It is important to keep track of your weight during pregnancy for your and your baby’s health. You should balance your nutritional needs with healthy weight gain and eating to appetite. Women who do not gain enough weight may increase risk of preterm birth or small baby.
Women who are overweight or gain too much weight have a higher risk of:
- High blood pressure or Pre-eclampsia
- Gestational diabetes
- Large baby
- Caesarean sections
- Birth defect
- Difficulty losing weight after birth
Recommendations for weight gain during pregnancy
How much weight should I gain?
The weight you should aim to gain depends on your pre-pregnancy weight and body mass index (BMI).
How do I work out my BMI (Body Mass Index)?
Pre-pregnancy weight in kg; Height in metre; BMI = weight/ (height x height) kg/m²
How much should I gain in my first trimester, second and third trimesters?
As well as having an overall weight gain goal for your pregnancy, there is a trimester-by-trimester guideline to follow:
- All women can expect to gain 1-2 kg in the first trimester.
- In the second and third trimester, this depends on your pre-pregnancy BMI. If your pre-pregnancy BMI was Less than 18.5 kg/m² = ½ kg/week weight gain; 18.5 to 24.9 kg/m² = 400g/week and Above 25kg/m² = Less than 300g/ week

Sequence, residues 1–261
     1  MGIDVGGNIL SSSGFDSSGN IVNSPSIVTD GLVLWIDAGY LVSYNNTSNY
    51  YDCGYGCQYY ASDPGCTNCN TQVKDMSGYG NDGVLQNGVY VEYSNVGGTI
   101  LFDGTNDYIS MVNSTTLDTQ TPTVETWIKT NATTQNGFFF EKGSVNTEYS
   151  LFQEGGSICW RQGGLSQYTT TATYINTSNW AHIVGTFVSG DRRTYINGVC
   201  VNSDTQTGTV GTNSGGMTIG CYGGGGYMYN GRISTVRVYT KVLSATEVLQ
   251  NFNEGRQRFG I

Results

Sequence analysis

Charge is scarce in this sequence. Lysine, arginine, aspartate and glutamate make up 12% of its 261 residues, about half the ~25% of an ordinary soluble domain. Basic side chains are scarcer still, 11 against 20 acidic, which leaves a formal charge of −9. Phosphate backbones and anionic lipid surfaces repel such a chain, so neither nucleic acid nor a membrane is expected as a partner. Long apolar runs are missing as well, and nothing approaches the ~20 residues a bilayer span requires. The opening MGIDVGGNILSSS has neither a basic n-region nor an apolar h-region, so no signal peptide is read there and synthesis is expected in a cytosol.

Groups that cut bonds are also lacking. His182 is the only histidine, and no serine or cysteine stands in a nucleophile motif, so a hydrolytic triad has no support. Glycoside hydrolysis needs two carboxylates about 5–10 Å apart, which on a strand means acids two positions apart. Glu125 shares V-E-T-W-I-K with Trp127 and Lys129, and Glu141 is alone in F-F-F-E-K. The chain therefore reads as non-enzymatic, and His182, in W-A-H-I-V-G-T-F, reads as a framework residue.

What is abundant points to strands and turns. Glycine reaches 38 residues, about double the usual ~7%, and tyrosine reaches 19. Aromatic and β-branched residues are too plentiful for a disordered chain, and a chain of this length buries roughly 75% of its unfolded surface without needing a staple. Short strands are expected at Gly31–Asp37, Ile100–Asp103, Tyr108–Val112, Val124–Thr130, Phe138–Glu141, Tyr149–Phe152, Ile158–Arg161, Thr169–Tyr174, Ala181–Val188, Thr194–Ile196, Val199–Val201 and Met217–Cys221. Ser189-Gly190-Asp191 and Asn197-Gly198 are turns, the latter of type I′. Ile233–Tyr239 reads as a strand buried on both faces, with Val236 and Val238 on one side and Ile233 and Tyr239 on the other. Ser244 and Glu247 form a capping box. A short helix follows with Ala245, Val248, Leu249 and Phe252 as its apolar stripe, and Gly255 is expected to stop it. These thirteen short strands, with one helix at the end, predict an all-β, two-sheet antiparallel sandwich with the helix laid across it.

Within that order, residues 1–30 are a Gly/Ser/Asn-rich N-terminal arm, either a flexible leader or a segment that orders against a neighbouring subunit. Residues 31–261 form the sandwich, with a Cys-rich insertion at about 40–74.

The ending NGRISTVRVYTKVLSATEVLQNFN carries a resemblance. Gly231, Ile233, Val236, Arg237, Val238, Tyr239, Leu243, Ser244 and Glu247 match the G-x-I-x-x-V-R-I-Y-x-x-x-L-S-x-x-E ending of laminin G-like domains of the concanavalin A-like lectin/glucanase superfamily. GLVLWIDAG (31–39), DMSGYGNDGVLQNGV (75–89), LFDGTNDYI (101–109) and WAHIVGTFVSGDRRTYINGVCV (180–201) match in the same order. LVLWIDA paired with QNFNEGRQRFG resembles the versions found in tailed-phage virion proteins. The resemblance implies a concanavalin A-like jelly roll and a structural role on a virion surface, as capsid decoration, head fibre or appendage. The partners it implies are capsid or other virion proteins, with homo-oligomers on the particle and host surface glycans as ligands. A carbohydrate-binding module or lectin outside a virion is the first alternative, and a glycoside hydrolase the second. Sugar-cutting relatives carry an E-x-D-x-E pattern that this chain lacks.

Where does all the weight go?
Not all the weight you gain during pregnancy is the baby’s weight; most of it is used by your body to nourish and support a healthy baby. Sometimes women who have morning sickness early in pregnancy find it difficult to gain enough weight. If this happens to you, you do not need to be concerned as long as you start to gain weight in the second trimester.
What should I do if I am gaining weight too quickly?
To control your weight gain, limit foods that are high in fat and sugar. Make sure you are not ‘eating for two’ (see article – Healthy eating in pregnancy). It is also important to include regular physical activity (see article – How to stay fit and healthy during pregnancy)
Limit the amount of fat you eat by:
- Avoid high fat takeaway foods.
- Eat low fat dairy products (e.g. milk, yoghurt)
- Reducing the amount of fat by using healthy cooking methods (grilling, steaming, baking), trimming fat from meat and remove skin from chicken before cooking
Limit high sugar foods by:
- Drinking water only, not soft drink or cordial
- Limiting fruit juices to one glass per day as these are high in sugar
- Avoid chocolates, lollies, sweets and desserts.
- Watch your serve sizes, especially high carbohydrate foods.
Returning to your pre-pregnancy weight
Don’t be horrified at the thought of gaining weight and worried about whether you can lose it after your baby is born.
The greatest amount of weight loss occurs in the first 3 months after birth and then continues at a slow and steady rate until 6 months. Breastfeeding can help as some of the weight you gain during pregnancy is used as fuel to make breast milk. Healthy eating and regular physical activity in the postnatal period will help also.
If you are planning another pregnancy, it is a good idea to return to your pre-pregnancy weight first, or close to this.